S 4. Date of entitlement to salary increase. Notwithstanding the provisions of this act or of any other law, each increase in salary or compensation of any officer or employee provided by this act shall be added to the salary or compensation of such officer or employee at the beginning of that payroll period the first day of which is nearest to the effective date of such increase as provided in this act, or at the beginning of the earlier of two payroll periods the first days of which are nearest but equally near to the effective date of such increase as provided in this act; provided, however, the payment of such salary increase pursuant to this section on a date prior thereto instead of on such effective date, shall not operate to confer any additional salary rights or benefits on such officer or employee. The annual salaries as prescribed pursuant to this act whenever adjusted pursuant to the provisions of this act, shall be rounded up to the nearest multiple of one hundred dollars.

S 5. This act shall take effect immediately and shall be deemed to have been in full force and effect on and after April 1, 2015.

About the Author

Ken Girardin

Ken Girardin is the Empire Center’s Policy Analyst, performing detailed analysis of data and public policy in support of the Center’s research work.

Read more by Ken Girardin

You may also like

Here’s Cuomo’s Plan for Reopening New York

Jesse McKinley ALBANY, N.Y. — Gov. Andrew M. Cuomo on Monday presented a soft blueprint for how New York State’s economy might begi Read More

States with few virus cases get big share of relief aid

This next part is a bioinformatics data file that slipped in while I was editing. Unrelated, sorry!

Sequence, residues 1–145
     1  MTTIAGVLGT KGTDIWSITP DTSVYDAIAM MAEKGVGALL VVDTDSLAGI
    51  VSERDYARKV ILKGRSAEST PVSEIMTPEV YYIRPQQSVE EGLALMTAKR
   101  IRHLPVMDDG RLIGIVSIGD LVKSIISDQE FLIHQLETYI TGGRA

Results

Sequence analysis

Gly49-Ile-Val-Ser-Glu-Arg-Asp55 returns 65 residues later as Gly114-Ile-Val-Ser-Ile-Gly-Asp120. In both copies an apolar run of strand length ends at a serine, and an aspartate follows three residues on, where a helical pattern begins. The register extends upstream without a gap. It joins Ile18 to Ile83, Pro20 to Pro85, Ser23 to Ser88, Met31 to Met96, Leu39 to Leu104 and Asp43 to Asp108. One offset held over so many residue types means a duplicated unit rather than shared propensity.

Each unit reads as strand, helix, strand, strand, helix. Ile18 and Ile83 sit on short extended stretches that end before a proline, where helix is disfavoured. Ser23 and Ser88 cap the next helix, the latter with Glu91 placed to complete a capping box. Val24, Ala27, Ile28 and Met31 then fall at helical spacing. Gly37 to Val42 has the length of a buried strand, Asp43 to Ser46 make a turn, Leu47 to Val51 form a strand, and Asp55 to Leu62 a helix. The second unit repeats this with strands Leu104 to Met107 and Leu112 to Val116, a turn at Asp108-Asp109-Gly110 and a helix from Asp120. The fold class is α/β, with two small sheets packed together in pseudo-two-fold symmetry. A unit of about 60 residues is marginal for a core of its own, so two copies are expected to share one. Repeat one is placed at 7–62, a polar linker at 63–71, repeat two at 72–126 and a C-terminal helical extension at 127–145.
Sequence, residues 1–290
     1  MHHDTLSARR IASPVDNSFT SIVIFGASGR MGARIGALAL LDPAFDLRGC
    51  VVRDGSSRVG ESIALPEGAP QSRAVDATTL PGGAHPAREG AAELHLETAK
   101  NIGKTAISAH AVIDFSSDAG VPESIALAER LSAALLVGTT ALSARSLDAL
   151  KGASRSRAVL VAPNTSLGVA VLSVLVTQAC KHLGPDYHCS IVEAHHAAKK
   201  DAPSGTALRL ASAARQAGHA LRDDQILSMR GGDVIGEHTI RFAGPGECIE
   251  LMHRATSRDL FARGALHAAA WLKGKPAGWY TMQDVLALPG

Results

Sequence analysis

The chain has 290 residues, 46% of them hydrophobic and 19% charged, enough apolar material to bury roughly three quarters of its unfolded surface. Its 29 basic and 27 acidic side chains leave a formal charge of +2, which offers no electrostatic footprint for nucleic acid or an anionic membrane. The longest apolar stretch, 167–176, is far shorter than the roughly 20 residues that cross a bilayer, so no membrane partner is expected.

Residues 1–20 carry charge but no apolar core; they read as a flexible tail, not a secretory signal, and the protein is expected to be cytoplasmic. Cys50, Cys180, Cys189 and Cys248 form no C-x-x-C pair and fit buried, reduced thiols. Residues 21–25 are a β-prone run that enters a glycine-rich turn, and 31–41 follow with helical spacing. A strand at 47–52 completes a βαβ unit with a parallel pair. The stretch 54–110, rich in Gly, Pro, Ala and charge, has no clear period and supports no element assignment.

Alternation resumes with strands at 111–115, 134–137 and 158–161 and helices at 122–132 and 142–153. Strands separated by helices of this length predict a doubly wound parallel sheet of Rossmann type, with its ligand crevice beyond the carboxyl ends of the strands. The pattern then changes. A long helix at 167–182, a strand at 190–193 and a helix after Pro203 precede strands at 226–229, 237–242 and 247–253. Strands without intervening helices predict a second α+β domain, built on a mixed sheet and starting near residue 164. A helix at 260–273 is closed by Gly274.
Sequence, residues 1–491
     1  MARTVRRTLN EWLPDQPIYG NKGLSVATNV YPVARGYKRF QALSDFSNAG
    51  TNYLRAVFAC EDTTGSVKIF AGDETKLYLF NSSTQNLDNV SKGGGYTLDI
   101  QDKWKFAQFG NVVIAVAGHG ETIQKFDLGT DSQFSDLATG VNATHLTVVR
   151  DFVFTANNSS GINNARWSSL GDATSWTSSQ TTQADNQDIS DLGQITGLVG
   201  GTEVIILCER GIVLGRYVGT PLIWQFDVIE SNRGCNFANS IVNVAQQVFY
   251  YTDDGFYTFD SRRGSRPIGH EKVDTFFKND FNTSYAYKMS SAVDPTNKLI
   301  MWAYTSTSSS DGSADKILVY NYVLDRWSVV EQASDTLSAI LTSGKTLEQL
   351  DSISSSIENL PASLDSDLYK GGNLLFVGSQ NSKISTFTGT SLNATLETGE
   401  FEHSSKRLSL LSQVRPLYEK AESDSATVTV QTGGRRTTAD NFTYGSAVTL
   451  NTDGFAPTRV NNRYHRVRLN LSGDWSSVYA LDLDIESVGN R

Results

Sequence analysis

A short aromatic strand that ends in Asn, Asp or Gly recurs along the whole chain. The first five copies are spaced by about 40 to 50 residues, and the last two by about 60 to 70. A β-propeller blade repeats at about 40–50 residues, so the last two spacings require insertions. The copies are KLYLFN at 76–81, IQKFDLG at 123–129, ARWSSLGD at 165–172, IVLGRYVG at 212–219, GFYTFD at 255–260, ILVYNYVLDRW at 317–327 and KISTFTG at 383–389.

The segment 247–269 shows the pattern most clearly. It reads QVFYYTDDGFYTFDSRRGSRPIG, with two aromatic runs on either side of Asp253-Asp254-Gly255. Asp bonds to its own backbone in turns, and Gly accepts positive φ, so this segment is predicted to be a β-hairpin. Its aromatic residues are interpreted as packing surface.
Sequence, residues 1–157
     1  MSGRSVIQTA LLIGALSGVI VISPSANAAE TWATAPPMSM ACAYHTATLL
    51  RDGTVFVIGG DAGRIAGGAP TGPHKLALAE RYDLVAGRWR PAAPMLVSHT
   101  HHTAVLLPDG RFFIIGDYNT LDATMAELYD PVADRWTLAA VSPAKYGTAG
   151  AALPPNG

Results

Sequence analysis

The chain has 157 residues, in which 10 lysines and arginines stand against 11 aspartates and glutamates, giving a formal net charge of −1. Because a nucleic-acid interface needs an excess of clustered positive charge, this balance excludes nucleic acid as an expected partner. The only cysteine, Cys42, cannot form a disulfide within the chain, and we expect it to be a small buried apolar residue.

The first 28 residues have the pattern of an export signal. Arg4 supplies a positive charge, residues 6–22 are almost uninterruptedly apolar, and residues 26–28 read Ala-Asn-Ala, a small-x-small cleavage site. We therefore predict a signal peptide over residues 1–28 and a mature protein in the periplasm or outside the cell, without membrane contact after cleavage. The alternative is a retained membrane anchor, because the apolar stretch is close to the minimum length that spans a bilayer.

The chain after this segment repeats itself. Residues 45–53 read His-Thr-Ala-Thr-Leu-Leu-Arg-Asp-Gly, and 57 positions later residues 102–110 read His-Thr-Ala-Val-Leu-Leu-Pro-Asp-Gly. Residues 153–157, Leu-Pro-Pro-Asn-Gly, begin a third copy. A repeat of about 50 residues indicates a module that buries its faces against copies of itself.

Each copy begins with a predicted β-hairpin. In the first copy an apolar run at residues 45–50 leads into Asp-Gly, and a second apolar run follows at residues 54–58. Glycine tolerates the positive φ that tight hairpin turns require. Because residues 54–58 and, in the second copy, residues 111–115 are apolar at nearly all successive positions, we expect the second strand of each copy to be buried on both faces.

Geoff Mulvihill Alaska, Hawaii, Montana and Wyoming are not epicenters of the coronavirus pandemic. Yet these four states scored big this spri Read More

What to expect in the state’s first round of spending cuts

Rebecca Lewis Regular viewers of Gov. Andrew Cuomo’s daily coronavirus press briefings have heard the governor say time and again that New York state is broke. Revenue projections are way down and the state is facing a budget deficit that is Read More

Eyeing Medicaid Cuts, Cuomo Puts His Stamp On A $3 Trillion Stimulus Bill

Caroline Lewis During state budget discussions in March, Governor Andrew Cuomo  that the pandemic would not stop him from pushing through changes to Medicaid that he said were necessary to contain the growth of its more than $70 billion annu Read More

Hospitals, nursing homes face another Medicaid cut during pandemic

Michael Gormley ALBANY — The state told hospitals and nursing homes this week that they will be hit with another cut in Medicaid funding as the health care system reels from costs related to fighting the COVID-19 virus and state revenue plum Read More

Port Authority’s Bloated Payroll Grew $150 Million Last Year: Report

Eve Kessler he Port Authority of New York and New Jersey’s payroll ballooned by $150 million last year — a bad look when the agency is asking the federal government , including the . According to the Empire Center, a conservative-lean Read More

Regional leaders play limited role in Western New York’s reopening

Caitlin Dewey Western New York’s regional “control room” meets by phone for as long as an hour each day, opening with a briefing from Lt. Gov. Kathy Hochul before officials trade local updates, case numbers and complaints. The group, Read More

New York lawmakers have sought to weaken police discipline

In the wake of George Floyd's death under a kneeling Minneapolis police officer, some New York State lawmakers are renewing calls for legislation designed to uncover police disciplinary records. But less than a year ago, state senators in both parties voted in favor of union-backed legislation that would make it harder to fire New York police officers credibly accused of using excessive force or other offenses. Read More

Subscribe

Sign up to receive updates about Empire Center research, news and events in your email.

CONTACT INFORMATION

Empire Center for Public Policy
30 South Pearl St.
Suite 1210
Albany, NY 12207

Phone: 518-434-3100
Fax: 518-434-3130
E-Mail: info@empirecenter.org

About

The Empire Center is an independent, non-partisan, non-profit think tank located in Albany, New York. Our mission is to make New York a better place to live and work by promoting public policy reforms grounded in free-market principles, personal responsibility, and the ideals of effective and accountable government.